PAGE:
Northern Rock: Many to blame, but the director’s most of all

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So Northern Rock is to be nationalised. I've been saying this is the only solution for as long as Vince Cable has. It was obvious to those with eyes to see that this had to be the only solution to this crisis once £50 billion of taxpayers money had been committed to it.

The press is full of the most absurd comments this morning. George Osborne has apparently said yesterday was: the day:

Labour's reputation for economic competence died

Which I suppose recognises that it had one.But then he added:

The taxpayer will bear the risk of lending £100bn of mortgages in an uncertain market. We will not back nationalisation. We will not help Gordon Brown take this country back to the 1970s.

But at no time has he offered an alternative option. There wasn't one. But he's not big enough to recognise that this is a straightforward market failure. The director's failed this company. No one else did. But as is so common with those who argue from the Right (and in this he shares common ground with many,many commentators from that perspective who comment here) he ignores the facts, does no analysis, offers no argument, has no alternative but does believe his dogma is sufficient to get him through any situation. The trouble is his dogma is that the market works, and it plainly did not here. I have to describe his reaction as incompetent.

Let's be honest, Darling scores little better. His absurd belief, shared with Gordon Grown that the market could solve this exacerbated this problem. As the Guardian (again) says, this time in its editorial:

Yesterday was [] a shaming moment for a government that has struggled for six months to fend off the inevitable. The chancellor's search for a third way between nationalisation and receivership was an unworkable attempt to triangulate corporate collapse. A braver government would have reached this point long before.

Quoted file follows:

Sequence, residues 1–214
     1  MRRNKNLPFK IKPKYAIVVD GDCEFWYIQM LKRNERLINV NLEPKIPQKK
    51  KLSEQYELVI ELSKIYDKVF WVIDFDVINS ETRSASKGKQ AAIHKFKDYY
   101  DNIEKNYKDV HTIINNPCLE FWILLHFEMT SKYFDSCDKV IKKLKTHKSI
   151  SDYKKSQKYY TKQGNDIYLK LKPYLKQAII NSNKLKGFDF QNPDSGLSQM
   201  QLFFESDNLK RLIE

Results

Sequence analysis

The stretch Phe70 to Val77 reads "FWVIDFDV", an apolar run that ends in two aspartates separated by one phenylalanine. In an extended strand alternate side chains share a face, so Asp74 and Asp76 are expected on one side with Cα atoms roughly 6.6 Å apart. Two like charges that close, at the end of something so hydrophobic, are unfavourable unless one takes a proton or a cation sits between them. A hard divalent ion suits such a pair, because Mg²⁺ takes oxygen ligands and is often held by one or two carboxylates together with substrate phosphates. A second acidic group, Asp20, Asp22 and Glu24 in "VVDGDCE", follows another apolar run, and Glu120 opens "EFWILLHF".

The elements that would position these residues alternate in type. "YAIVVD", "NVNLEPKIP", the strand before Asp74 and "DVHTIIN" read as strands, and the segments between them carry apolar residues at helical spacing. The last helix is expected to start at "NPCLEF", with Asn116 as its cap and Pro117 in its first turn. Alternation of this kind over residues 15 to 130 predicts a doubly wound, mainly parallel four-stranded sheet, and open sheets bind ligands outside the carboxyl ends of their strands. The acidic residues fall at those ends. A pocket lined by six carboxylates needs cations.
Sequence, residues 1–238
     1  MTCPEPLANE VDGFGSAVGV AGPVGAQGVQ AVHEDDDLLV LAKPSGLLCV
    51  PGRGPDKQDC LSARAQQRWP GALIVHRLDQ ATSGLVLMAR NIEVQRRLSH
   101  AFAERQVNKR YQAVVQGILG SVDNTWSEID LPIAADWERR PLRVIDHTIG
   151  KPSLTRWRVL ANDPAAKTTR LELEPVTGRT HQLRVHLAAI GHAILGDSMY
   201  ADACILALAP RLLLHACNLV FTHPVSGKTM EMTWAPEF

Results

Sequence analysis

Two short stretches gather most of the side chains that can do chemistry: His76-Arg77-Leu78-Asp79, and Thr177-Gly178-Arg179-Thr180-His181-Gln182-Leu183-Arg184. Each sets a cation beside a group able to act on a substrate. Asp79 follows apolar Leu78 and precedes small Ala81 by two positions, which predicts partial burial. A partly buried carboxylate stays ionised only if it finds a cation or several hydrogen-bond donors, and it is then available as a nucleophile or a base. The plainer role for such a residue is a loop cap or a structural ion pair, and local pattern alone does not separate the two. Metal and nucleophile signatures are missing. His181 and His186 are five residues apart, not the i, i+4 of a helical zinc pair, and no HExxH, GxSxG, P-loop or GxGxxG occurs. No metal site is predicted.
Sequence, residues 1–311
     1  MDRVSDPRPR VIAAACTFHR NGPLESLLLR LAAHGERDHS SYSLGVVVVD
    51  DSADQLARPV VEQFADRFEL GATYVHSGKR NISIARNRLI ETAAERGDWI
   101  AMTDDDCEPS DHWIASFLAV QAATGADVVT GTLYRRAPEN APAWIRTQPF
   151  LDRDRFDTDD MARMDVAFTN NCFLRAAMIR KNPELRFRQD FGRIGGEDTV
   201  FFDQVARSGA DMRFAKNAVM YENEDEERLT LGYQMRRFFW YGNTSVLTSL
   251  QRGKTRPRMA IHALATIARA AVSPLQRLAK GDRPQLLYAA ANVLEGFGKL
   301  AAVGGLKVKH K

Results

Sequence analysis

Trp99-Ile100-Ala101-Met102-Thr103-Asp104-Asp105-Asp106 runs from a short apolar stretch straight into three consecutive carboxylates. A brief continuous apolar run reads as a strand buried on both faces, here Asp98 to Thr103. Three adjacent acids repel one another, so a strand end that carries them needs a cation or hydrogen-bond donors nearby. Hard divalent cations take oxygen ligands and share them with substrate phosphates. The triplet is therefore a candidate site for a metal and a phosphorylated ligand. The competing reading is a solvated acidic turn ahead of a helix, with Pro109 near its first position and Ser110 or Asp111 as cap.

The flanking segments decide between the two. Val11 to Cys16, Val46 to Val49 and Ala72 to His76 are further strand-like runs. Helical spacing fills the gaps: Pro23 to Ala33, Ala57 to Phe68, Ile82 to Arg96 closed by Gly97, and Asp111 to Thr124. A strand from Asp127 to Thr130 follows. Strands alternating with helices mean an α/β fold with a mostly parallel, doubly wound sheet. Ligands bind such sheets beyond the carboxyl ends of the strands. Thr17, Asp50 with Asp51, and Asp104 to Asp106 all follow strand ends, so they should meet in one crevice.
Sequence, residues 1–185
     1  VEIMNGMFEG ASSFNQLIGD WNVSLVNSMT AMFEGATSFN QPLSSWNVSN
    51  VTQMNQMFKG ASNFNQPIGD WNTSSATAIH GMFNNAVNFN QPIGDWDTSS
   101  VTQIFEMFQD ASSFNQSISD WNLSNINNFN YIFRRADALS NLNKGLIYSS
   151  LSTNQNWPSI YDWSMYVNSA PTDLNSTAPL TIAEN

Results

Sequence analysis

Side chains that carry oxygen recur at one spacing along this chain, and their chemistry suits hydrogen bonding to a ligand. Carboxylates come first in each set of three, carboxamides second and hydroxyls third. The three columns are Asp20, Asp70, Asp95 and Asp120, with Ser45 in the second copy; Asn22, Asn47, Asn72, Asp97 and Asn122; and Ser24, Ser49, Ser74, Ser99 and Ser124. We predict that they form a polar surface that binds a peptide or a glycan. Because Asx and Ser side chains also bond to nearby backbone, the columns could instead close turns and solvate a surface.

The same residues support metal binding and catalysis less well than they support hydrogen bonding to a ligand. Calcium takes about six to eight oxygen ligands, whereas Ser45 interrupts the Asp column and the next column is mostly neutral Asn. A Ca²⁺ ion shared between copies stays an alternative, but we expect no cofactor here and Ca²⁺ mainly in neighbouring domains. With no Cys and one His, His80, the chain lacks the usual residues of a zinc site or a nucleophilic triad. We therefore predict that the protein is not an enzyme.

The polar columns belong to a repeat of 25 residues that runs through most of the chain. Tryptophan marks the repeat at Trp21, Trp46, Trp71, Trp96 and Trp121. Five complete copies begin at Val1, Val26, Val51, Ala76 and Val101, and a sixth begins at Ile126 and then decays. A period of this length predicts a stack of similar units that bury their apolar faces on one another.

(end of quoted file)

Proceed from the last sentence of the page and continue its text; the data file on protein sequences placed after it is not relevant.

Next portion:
That's the trouble with absurd belief in markets. It gets you into trouble.

I have to say it, Vince Cable is the only person who comes out of this with any credit. That's amazing.

As for the shareholders who are now demanding £4 a share compensation when the open market valued their shares at under £1 when suspended this morning, they should muse on the fact that it was the directors who created this debacle, not the government. If the government had not intervened there would be nothing left. Anything they get above nothing is fair value. Personally, 5p a share seems about right to me. The rest of the money to be committed to this operation has to go into finding solutions, not bailing out those who knew they were taking a risk, and lost as a result.

And what is the lesson from all this? It's simple: markets can work, but do not always. We have to be open minded about when they do, and don't, and act accordingly. Brown, Darling and Osborne have all showed themselves to be close minded. That's a very poor trait for a decision maker to possess. It suggests they are all slaves to a defunct economist (Milton Friedman in this case). The time for new thinking is now.

And just for once, having a three party system has shown its benefit: another form of thinking has been shown to be possible. If only the Treasury had listened earlier so much embarrassment would have been saved. And a great deal of money with it.